Osteoarthritis is a name of a medical condition that is the ongoing and the end result of a repeated attempt of the body’s ability to repair and heal itself from sustained and compromised pressure.  Osteoarthritis (OA) simply means inflammation (itis) of the boney (osteo) joint (arthro).  Although there are several types of joints, joint is a term that usually describes two or more bones coming together to form a specific relationship.  Covering the ends of all bones is a smooth, thin and yet, hard piece of plastic called hyaline cartilage.

Specific to the knee and hip joints, there is a thick encasement or shell around the joint that is called the synovial capsule.  This shell helps to hold the joint together along with ligaments and tendons.  The synovial capsule secretes a dense, slick gel called synovial fluid.  This lubricating fluid assists in reducing friction that normally occurs when two surfaces move in relationship to one another.

Also specific to these joints, is a piece of material, precisely shaped for that joint, called articular (meaning joint) cartilage.  The presence of this cartilage further separates the ends of the bones and helps to guide the 3 dimensional movements that take place as we go about moving in a day. This articular cartilage also serves as a shock absorber, cushioning the bones from the forces that are passed between and through them.

In the knee, the articular cartilage is referred to as meniscus (menisci is the plural) and in the hip, it is known as labrum.  In the knee, the meniscus is the structure that people are referring to when they report that they have a “torn cartilage”.  Numerous studies have demonstrated that repair of knee injuries that have removed “torn cartilage” specifically contribute to osteoarthritis as a person ages.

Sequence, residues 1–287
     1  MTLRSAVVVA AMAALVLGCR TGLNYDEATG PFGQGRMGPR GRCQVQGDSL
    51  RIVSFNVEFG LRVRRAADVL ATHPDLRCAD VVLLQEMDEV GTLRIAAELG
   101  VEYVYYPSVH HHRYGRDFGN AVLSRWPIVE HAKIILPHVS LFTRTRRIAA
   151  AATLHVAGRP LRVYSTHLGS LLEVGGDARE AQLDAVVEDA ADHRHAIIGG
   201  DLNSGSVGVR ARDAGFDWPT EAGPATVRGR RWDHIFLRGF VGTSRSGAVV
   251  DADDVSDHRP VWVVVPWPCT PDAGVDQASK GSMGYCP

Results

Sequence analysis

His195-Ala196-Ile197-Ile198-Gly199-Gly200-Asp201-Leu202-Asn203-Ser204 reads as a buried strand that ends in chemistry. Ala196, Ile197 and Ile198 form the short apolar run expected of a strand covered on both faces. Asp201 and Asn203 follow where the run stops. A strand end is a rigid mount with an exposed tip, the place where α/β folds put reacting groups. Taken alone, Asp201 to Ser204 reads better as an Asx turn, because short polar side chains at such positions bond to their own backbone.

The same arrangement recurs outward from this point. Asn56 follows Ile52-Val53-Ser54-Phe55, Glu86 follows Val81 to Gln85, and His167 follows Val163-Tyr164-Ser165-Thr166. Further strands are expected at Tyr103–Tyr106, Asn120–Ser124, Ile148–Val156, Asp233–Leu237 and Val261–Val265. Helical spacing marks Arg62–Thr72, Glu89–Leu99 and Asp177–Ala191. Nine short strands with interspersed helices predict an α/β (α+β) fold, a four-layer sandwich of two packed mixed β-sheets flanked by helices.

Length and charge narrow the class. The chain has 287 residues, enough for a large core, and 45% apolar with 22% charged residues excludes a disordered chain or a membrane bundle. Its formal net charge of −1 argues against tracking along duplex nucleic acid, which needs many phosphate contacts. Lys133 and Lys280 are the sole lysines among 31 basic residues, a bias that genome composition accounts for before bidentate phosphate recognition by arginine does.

It is the combination of the above elements that prevent the ends of the bones from rubbing against one other.  These elements of joint anatomy allow us to experience flexible and nearly frictionless movement.  The absence of the articular cartilage, combined with joint laxity or looseness from stretched ligaments or weak muscles, allows the ends of the bones to start to rub against one another.  Over time, the wearing away of the hyaline cartilage becomes the most common cause of joint pain and loss of mobility.

Bones are very much living tissue.  When they have lost their protective covering and start to rub together, pain receptors in the area will signal when there is too much pressure and that the bone cells are being damaged or hurt.  Additionally, the joint will start to swell in attempt to give it more space and to bring in certain cells to start an inflammatory response.

The inflammatory response is like a siren going off in the body signaling that help is needed.  Certain cells, in this case, bone cells are being killed, damaged, or threaten and help is needed.  The pain and swelling are interpreted by the nervous system to shift the weight bearing forces and/or movement away from the compromised joint.  This is when you see a person change how they walk, move, etc.   The inflammatory response is also responsible for calling forward certain cells for repair.

Osteoclasts are the garbage collectors that rid the area of damaged bone cells and osteoblasts are the creators of new bone.  New bone in a joint is never rebuilt like its original structure and hyaline cartilage can never be remanufactured organically again.  New bone is laid down and shaped by movement and is later seen radiographically, i.e.  x-rays, as osteophytes (bone spurs) or encapsulated fluid filled cysts embedded in the bone that make a joint susceptible to fracturing.    Direct injury/trauma or insidious repetitive microtrauma causes the body’s inflammatory process to be activated and therefore can also be the cause of OA.  For specific information on osteoarthritis in the knee joint, see our article, What is Knee Osteoarthritis?

Carol Montgomery is a Physical Therapist, Guild Certified Feldenkrais Practitionercm and Bones for Life® Teacher/Trainer. She has a private practice in Columbus, IN. Montgomery can be reached by email at camontgomery11@yahoo.com. She offers certification and continuing education programs through www.integrativelearningcenter.org.

1England M. Meniscal tear: a feature of osteoarthritis. Acta Orthop Scand Suppl. 2004; 75:1-45, back cover.